Portier de Savin-Duplais, a failed student of magic and distant cousin to the king, is called upon by his royal cousin to covertly investigate a failed plot to assassinate the king and the disappearance of the previous investigator, the kings best friend Michel. He was assisted by court fop Ilario and the mysterious and short tempered mage Dante.

The plot was slow paced, but still interesting enough to hold my attention. The characters were flawed but interesting and/or likable. The story was full of intrigue and the mystery lasted until the final stages. To be honest some of it was not even solved!

The fascinating thing about this fantasy world of Berg's was that magic was in decline and many, including the king, favored the new wave of scientific advancements being made.

I'm a fan of Berg's books, she is a dependable author, but this was not one of her more exciting ones. Despite that I still enjoyed reading it and will definitely be reading the sequels.

Rating: 3.5 stars.

Audio Note: I was not a big fan of David DeVries. He was well spoken and his character voices were fine, but unfortunately he did not seem to have any talent for performing the story! That said, I've certainly heard a lot worse in my time.

464 I bought this one on its release day (Jan 5th) with high hopes, but though it intrigued me, i felt that it was too dependent on its quirky humor and light gags for its enjoyment so I kept putting it down; however I still planned to decide soon either to immerse into it or fast read and drop and after a while the novel drops its lighter pretense, picks up considerably and it gets extremely good; though fully concluding its main thread, it sets up a very, very interesting sequel

A solid A and highly recommended, keep going since after 100 pages or so it will start gripping you and then from about 1/2 in it will be not possible to put it down


INTRODUCTION: I have browsed several of Ms. Berg' novels before and I actually started on Flesh and Spirit at some point and I plan to finish it sooner rather than later, but they never had that read me now quality to get into them seriously when I have a reading pile of several hundred books leaving aside the new ones that are released all the time.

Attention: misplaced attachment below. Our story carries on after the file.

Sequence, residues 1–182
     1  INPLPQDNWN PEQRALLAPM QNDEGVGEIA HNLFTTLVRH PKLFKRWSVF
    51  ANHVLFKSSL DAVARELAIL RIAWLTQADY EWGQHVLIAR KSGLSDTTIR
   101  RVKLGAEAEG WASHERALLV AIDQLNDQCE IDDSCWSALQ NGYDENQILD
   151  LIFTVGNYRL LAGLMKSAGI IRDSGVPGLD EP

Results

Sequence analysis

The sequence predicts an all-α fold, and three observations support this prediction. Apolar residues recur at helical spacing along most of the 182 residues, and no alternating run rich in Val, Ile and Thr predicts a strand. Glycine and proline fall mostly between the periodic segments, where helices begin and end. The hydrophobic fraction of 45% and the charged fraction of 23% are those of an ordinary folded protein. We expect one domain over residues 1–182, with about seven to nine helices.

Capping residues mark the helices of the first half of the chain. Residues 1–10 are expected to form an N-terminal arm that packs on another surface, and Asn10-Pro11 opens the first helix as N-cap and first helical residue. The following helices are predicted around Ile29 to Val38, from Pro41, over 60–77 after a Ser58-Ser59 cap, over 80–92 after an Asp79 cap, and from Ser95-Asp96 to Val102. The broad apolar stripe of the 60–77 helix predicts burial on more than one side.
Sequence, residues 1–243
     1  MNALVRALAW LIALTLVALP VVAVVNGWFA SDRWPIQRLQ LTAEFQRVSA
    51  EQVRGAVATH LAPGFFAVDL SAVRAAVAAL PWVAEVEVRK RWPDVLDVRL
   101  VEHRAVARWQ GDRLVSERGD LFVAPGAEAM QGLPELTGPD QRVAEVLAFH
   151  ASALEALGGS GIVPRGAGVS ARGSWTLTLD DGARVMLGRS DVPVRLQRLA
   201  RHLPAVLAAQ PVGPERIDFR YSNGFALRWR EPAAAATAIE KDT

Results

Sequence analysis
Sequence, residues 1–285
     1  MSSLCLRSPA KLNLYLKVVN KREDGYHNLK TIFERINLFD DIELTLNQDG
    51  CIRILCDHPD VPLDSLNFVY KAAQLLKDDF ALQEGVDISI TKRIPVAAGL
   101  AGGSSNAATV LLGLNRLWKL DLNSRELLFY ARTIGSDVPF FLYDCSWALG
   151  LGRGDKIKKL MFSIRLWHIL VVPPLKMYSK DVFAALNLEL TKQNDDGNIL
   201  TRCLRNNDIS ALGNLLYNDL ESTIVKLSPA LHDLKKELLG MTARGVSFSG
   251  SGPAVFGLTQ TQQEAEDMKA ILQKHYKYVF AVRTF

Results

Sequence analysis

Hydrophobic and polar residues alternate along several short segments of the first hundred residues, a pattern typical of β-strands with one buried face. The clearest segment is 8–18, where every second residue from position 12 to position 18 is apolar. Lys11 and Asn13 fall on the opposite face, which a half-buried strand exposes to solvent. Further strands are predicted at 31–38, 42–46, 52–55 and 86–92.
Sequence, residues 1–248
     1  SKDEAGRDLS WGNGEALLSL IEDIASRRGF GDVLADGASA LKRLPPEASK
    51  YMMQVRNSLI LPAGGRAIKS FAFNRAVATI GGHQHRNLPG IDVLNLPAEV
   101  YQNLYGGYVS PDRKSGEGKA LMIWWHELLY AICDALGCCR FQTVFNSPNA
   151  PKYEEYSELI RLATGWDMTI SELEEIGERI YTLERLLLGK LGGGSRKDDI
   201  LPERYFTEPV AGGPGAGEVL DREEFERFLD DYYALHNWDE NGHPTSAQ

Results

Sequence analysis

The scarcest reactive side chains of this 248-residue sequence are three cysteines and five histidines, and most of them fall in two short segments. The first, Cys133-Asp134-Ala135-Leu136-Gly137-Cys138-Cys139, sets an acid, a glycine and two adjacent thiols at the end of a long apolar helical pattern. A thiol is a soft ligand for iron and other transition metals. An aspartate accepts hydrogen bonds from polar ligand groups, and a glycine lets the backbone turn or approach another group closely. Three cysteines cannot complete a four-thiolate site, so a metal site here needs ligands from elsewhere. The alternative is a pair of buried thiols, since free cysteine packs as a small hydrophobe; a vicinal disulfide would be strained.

The main reason for the above was that while the writing style was intriguing, the subjects of all the books I browsed by the author were of moderate interest at best for me. However The Spirit Lens had a very intriguing blurb, so I decided to include it in my 2010 Anticipated List ; out of 90+ books, it was the only one from an established author I have not read before.

I bought the book on its release day in early January and after several false starts, when I kept putting The Spirit Lens down and reading something else though advancing a little bit each time, I started truly getting into the novel at about the 150th page and from then on it was a non-stop ride to a superb ending that left my appetite whetted for the next installment.

FORMAT/CLASSIFICATION: The Spirit Lens stands at about 450 pages divided in 34 chronological chapters headed by their date and it ends with an epilogue. The novel is a first person narration by early 30's Portier de Savin-Duplais, a failed magician from an outside line of a powerful noble family, so distant cousin to the current king Philippe de Savin-Jurnia of Sabria. Student at the famous countryside Collegia Magica of Seravain, Portier has been disabused of any hopes for real magical ability by age 16, but through the intercession of his mentor, family friend and lead magician of the Camarilla Magica, Kajetan, Portier stayed on as archivist for some 16 years now until he is secretly summoned to investigate an assassination attempt against the king that may involve magicians, powerful Court members and even the estranged and seemingly unworldly Queen Eugenie herself.

Partly a mystery, partly an exploration of a somewhat familiar but also quite different society on the verge of an age of reason, partly the beginning of an epic as far as the big picture goes, The Spirit Lens is packed with events and it has many twists and turns, of which some are quite unpredictable and made me appreciate it quite a lot at the end.

The style takes a while to get adjusted to since the novel starts on a very light note despite its grim underlying events, Portier being a very self-deprecating and wry narrator, while his two companions in the investigation, Chevalier Ilario and sorcerer Dante start as the overdone cliches of fop and brilliant but moody outsider sorcerer.

OVERVIEW/ANALYSIS: Sabria is a pseudo-Renaissance kingdom with mostly French/Italian naming conventions that is poised to enter an Age of Reason under the leadership of King Philippe. Wracked by the terrible Blood Wars some hundred years ago, the nobility and magicians of Sabria formed a compact in which all study and use of magic comes under the aegis of the Camarilla Magica under strict rules and regulations. As magical ability seems to be diminishing among the lines of Sabria' sorcerers, many people including the king himself consider it no more than a stage trick at best or con game at worst and Philippe is promoting the study of science and the advancement of technology.